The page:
Without this kind of management, we can't gain the benefits of a positive risk event.
When the Risk Event Occurs
When the risk event occurs, action must be taken to deal with it. At the same time, the project must go on. The best way to understand this is to think of the risk event as a mini-project within the project.
For example, if a passenger on a commercial jetliner has a heart attack, a member of the flight crew will use a defibrillator and take care of the patient. Other crew members take care of the other passengers. And the pilot keeps flying the plane. It would make very little sense for the pilot to leave his cabin to take care of the passenger!
What if you're the project manager, and only you have the expertise to handle the risk event. Then you take charge of the risk event - and turn the routine management of the whole project over to one of your team leaders for a short period of time.
Manage the project and the risk event to ensure successful project completion.
Project Completion: Arriving in Safe Harbor
Most projects do hit some bumps along the way. That is, risk events do occur. If we manage them, and keep the project moving, then we deliver as promised. In informal projects, the customer will usually understand if a big risk event creates some delay or cost overruns. In more formal projects, we include this possibility in the project plan. A contingency fund is extra money to be used only in case of a risk event, and we can also have a contingency schedule with extra time built in. There's even an advanced project management technique where each risk event is rated as due to client action, due to an act of God, or due to the project team's error. Bonuses are given for early delivery, and penalties for late delivery. But the delivery date is adjusted if the client makes a mistake, or if there is an act of God, and the company performing the project is only penalized for its own mistakes.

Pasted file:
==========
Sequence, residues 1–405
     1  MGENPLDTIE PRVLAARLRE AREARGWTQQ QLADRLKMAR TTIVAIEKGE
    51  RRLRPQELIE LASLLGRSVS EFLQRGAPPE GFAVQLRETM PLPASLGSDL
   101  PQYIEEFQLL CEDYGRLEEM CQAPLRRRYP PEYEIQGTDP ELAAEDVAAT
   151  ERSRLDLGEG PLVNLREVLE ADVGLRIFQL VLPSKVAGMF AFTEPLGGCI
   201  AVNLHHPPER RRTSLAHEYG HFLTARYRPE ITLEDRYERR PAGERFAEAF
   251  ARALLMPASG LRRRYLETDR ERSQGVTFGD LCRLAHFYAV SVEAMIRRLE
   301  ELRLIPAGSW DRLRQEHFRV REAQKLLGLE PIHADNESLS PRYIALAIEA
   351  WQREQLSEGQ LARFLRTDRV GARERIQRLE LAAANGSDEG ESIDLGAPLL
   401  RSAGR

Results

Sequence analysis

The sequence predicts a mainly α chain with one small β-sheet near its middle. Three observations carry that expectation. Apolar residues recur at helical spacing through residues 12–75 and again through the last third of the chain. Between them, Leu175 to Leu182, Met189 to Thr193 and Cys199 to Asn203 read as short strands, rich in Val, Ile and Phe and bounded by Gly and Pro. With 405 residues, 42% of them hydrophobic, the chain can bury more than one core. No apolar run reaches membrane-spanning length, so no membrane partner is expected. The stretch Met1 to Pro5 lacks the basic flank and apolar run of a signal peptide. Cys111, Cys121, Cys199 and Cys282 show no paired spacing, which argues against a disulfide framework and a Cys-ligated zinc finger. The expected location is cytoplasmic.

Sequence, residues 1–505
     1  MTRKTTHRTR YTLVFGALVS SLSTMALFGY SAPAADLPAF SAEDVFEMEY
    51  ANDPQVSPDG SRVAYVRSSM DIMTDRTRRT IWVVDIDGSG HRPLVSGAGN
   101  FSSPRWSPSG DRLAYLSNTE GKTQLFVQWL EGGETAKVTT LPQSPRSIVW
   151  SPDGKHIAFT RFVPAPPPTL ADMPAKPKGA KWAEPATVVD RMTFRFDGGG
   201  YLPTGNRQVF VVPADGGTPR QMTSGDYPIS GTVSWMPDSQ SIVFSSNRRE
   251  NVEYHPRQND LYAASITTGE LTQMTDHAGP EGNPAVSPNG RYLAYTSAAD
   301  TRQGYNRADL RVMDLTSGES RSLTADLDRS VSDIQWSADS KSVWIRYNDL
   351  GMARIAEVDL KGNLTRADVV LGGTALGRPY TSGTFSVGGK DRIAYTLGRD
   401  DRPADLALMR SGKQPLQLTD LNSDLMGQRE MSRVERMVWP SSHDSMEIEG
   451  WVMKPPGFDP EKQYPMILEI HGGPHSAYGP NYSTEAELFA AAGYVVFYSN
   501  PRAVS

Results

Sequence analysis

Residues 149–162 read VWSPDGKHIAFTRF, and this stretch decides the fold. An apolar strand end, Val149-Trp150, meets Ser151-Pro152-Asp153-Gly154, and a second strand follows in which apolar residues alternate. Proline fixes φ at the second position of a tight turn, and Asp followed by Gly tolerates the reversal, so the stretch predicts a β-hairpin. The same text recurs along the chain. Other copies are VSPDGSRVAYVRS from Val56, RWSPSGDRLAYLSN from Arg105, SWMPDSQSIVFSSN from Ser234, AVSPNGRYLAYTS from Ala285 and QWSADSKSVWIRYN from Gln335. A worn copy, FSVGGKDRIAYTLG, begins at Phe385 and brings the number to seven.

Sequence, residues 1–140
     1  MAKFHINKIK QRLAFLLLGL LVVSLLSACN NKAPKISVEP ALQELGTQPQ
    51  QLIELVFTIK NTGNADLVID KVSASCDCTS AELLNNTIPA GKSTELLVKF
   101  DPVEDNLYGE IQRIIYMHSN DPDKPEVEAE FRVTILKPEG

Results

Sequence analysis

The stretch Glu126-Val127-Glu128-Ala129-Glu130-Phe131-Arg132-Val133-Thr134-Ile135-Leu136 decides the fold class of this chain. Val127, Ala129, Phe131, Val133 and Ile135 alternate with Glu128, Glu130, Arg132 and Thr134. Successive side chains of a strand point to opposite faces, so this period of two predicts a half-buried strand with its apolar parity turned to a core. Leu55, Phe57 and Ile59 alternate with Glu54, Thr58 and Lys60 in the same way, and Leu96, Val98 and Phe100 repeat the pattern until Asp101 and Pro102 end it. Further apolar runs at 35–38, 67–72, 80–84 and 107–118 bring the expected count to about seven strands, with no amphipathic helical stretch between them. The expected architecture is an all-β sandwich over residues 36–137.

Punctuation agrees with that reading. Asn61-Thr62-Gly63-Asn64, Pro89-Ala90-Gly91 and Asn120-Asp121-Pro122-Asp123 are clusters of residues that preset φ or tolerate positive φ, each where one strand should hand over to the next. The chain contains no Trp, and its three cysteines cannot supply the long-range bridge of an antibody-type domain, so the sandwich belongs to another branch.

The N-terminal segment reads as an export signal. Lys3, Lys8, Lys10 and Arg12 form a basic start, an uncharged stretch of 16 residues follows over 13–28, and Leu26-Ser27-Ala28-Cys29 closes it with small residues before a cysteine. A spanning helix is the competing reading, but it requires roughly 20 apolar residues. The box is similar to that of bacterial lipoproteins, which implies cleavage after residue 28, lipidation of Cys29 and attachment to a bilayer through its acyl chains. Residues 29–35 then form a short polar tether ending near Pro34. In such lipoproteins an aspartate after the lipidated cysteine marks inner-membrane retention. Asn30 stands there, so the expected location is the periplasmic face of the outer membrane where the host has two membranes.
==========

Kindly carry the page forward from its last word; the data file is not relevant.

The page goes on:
In any case, on any project, formal or informal, large or small, if you do a good job with Risk Management, odds are that you will deliver success, no matter how many unfortunate events get in the way.
Safe Through the Storm